Why is acceptance so hard?

Writing Prompt: It seems that it is much easier to accept things about other people than it is to accept things about ourselves. What things in your life are you still trying to accept? What do you think makes acceptance so difficult sometimes? What can you do to make acceptance easier?


Gianna said... know, I'm working on all the same crap.

Accepting the past. Loving myself in spite of it...loving myself BECAUSE of it!!

And for me I have to accept my present too as it is still a struggle...

Accepting reality is a lifelong journey. Life is hard. It will never stop being so.

but as some wise people say, life is hard, but suffering is optional.

Jazz said...

Actually, I don't know anyone who's not trying to accept something...I think it's part of the human condition!

And you are so right is hard...suffering is optional...

This is where I need to be focusing my energies at the moment, I think.

Gianna said...

oh...I think lots of people refuse to accept all sorts of things----adding to their misery...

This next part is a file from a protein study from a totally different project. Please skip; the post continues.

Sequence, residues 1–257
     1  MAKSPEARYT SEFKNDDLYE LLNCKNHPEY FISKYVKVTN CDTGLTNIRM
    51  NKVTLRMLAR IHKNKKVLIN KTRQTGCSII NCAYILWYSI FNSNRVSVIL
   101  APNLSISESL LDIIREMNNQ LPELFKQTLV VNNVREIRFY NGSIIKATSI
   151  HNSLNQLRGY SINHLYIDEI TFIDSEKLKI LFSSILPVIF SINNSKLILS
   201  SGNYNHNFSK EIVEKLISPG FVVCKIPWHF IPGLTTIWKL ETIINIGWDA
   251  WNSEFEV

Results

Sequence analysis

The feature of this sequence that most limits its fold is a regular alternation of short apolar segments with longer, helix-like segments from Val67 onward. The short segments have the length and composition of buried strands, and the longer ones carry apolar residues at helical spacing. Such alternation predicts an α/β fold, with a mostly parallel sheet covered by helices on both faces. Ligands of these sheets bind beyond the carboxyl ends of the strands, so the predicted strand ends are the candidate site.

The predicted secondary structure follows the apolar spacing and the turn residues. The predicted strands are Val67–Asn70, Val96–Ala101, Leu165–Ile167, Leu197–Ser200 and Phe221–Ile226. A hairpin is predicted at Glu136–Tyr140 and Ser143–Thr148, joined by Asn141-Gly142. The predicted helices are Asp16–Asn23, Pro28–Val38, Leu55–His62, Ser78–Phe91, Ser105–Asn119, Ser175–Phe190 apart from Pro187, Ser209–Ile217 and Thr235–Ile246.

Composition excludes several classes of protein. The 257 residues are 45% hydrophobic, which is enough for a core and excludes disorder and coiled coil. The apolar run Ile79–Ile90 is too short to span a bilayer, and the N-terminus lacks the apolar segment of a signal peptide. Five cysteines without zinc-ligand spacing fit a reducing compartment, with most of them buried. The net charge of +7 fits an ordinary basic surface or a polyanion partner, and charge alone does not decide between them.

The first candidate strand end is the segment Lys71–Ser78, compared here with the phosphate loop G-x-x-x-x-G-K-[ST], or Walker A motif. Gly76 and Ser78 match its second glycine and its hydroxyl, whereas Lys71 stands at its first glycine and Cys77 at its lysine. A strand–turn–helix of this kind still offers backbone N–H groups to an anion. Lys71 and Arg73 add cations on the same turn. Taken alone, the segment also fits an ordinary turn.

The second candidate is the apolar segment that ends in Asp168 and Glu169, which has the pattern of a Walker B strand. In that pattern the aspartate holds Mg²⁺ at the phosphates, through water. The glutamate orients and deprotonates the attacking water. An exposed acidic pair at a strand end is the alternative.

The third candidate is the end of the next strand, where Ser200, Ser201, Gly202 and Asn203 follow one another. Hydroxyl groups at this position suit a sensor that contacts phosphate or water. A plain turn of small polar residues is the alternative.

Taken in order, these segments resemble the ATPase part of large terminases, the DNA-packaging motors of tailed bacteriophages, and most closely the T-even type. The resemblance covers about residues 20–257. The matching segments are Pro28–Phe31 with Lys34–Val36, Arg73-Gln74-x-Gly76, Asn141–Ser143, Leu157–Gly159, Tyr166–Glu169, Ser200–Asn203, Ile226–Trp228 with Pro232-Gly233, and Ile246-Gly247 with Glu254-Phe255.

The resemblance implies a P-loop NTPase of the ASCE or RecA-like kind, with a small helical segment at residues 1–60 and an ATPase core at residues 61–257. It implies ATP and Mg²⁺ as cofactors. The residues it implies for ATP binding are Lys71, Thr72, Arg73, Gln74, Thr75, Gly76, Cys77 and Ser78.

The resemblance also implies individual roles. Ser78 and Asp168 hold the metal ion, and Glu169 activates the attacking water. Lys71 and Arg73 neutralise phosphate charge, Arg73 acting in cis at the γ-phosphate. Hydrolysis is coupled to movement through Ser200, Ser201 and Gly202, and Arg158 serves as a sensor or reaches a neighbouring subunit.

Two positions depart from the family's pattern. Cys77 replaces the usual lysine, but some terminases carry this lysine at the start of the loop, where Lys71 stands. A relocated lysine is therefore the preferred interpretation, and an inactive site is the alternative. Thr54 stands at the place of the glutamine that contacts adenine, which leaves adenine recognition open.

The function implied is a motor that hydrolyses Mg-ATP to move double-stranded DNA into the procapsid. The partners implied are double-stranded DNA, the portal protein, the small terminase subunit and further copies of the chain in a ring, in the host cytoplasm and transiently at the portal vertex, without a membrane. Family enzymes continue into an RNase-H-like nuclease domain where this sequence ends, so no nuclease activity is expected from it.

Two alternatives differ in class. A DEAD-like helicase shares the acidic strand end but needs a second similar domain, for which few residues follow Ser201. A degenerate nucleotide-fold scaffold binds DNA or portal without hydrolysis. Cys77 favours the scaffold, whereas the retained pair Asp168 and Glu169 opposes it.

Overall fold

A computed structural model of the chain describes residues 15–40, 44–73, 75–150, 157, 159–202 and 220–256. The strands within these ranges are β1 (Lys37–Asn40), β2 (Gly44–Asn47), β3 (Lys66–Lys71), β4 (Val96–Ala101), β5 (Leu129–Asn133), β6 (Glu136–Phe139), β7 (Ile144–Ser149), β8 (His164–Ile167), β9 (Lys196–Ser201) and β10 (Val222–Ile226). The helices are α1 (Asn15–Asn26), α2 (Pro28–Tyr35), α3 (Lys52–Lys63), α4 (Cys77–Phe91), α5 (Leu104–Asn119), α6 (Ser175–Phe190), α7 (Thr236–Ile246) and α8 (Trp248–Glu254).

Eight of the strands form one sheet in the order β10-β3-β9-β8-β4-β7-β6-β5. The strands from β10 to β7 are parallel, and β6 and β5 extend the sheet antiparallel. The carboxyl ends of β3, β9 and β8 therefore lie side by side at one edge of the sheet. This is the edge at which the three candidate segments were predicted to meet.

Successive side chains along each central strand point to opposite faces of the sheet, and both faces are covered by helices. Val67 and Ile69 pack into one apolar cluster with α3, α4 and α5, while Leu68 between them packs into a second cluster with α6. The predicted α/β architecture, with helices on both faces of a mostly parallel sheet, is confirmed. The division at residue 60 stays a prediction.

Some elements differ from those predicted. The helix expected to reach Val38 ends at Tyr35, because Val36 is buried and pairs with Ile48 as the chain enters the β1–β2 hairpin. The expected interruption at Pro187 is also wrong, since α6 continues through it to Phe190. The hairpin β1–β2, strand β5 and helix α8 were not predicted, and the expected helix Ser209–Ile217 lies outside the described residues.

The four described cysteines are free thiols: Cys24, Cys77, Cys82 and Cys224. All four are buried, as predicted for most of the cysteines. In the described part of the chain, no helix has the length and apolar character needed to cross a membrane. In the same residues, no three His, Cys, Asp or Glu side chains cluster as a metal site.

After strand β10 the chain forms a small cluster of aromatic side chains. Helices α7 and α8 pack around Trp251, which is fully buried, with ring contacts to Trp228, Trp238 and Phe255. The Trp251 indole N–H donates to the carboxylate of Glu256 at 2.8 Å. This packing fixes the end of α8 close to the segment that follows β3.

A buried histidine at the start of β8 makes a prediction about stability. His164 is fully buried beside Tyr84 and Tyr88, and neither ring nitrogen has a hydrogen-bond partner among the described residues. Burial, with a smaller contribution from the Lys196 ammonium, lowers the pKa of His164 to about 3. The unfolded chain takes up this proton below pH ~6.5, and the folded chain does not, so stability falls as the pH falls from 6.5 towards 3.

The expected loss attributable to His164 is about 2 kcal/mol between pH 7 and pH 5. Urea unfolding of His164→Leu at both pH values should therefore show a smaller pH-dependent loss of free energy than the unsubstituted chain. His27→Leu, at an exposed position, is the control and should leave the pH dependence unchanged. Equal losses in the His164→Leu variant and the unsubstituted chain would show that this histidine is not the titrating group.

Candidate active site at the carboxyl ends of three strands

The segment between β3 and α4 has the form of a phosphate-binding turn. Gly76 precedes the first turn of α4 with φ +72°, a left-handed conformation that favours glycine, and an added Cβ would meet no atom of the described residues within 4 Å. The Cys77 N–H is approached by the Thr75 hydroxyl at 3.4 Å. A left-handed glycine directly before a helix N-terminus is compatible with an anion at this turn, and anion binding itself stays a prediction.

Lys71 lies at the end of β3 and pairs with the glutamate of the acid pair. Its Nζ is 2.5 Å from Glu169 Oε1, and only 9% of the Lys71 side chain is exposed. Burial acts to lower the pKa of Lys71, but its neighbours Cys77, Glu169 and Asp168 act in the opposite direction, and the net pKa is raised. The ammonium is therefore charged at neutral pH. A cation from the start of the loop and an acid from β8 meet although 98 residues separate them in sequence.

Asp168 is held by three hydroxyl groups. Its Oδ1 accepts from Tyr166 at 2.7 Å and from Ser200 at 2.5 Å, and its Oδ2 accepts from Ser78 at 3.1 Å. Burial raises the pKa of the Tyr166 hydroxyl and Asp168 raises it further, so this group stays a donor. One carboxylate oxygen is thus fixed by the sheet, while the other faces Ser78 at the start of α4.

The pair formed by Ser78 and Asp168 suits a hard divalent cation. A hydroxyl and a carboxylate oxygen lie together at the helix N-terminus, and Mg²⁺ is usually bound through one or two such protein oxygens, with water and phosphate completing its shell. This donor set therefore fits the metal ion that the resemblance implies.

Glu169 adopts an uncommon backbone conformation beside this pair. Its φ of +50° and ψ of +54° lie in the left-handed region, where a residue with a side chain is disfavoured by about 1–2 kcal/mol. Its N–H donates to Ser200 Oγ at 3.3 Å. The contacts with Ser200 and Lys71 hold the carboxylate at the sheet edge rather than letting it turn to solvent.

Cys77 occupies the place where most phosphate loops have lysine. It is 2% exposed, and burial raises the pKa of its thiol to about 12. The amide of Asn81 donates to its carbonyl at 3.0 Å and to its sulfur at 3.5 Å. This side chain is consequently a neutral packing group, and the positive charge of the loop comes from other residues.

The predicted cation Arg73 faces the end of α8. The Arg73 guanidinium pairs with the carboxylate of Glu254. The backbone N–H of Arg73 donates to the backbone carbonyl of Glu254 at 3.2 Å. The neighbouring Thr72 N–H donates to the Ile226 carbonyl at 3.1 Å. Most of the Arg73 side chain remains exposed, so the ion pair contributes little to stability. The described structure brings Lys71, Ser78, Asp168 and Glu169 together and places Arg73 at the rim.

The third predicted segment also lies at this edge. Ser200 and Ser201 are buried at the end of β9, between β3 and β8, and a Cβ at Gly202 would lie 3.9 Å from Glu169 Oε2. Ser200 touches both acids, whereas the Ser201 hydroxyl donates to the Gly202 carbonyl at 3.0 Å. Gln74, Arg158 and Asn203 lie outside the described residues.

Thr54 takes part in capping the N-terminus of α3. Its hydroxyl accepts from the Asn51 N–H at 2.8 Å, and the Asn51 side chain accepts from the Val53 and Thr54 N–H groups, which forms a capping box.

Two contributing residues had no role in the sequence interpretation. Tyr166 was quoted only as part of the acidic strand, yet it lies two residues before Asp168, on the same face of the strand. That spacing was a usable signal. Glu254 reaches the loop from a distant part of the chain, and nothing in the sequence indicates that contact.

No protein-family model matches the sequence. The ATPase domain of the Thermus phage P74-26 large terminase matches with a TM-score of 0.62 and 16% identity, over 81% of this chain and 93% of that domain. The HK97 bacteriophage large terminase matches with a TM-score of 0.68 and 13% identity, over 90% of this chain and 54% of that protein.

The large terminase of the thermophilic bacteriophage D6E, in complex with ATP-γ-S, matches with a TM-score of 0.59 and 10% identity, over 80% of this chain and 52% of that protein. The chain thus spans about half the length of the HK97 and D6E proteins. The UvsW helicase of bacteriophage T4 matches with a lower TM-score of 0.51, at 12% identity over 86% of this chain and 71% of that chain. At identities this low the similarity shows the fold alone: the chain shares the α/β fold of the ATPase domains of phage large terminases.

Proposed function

not saying I don't fit into that camp at times either!

Anonymous said...

I think you and I have a lot in common.
I struggle with the reasons and excuses for all my behavior too...sometimes I wonder if it wasn't just the power of suggestion....someone tells you that you are bipolar when you are a little "high" ...most likely an antidepressant-induced mania...and you believe also begin to believe that you will do silly, crazy things...and so you do. The scripts says you will and you have no other script to follow.

This might seem really, really, off base here...but bear with me and see if it makes sense....
I have heard of nice, proper girls having a little fun with their friends...drinking a little and then one of those "Girls Gone Wild" -types shows up with a camera and says...."Show us your ****....and the girls lift up their shirts!!!!
Later these same girls say, "I just don't know what got into me...It was like I was following a script."

Sometimes I think that is what happened to me...I followed the script of what a bipolar person in the middle of a mania is supposed to act like.

I wish I could rewrite the past.

I have seen the power of suggestion work with me. I have had employers who believed in me and told me what a good employee I was going to be...and viola....I rose to the occassion...I was following the script.

Jazz said...

I agree...true acceptance can be really hard. It's humbling and...not fun to admit that you might have done some things you shouldn't...

Guess I'll always be a work in progress.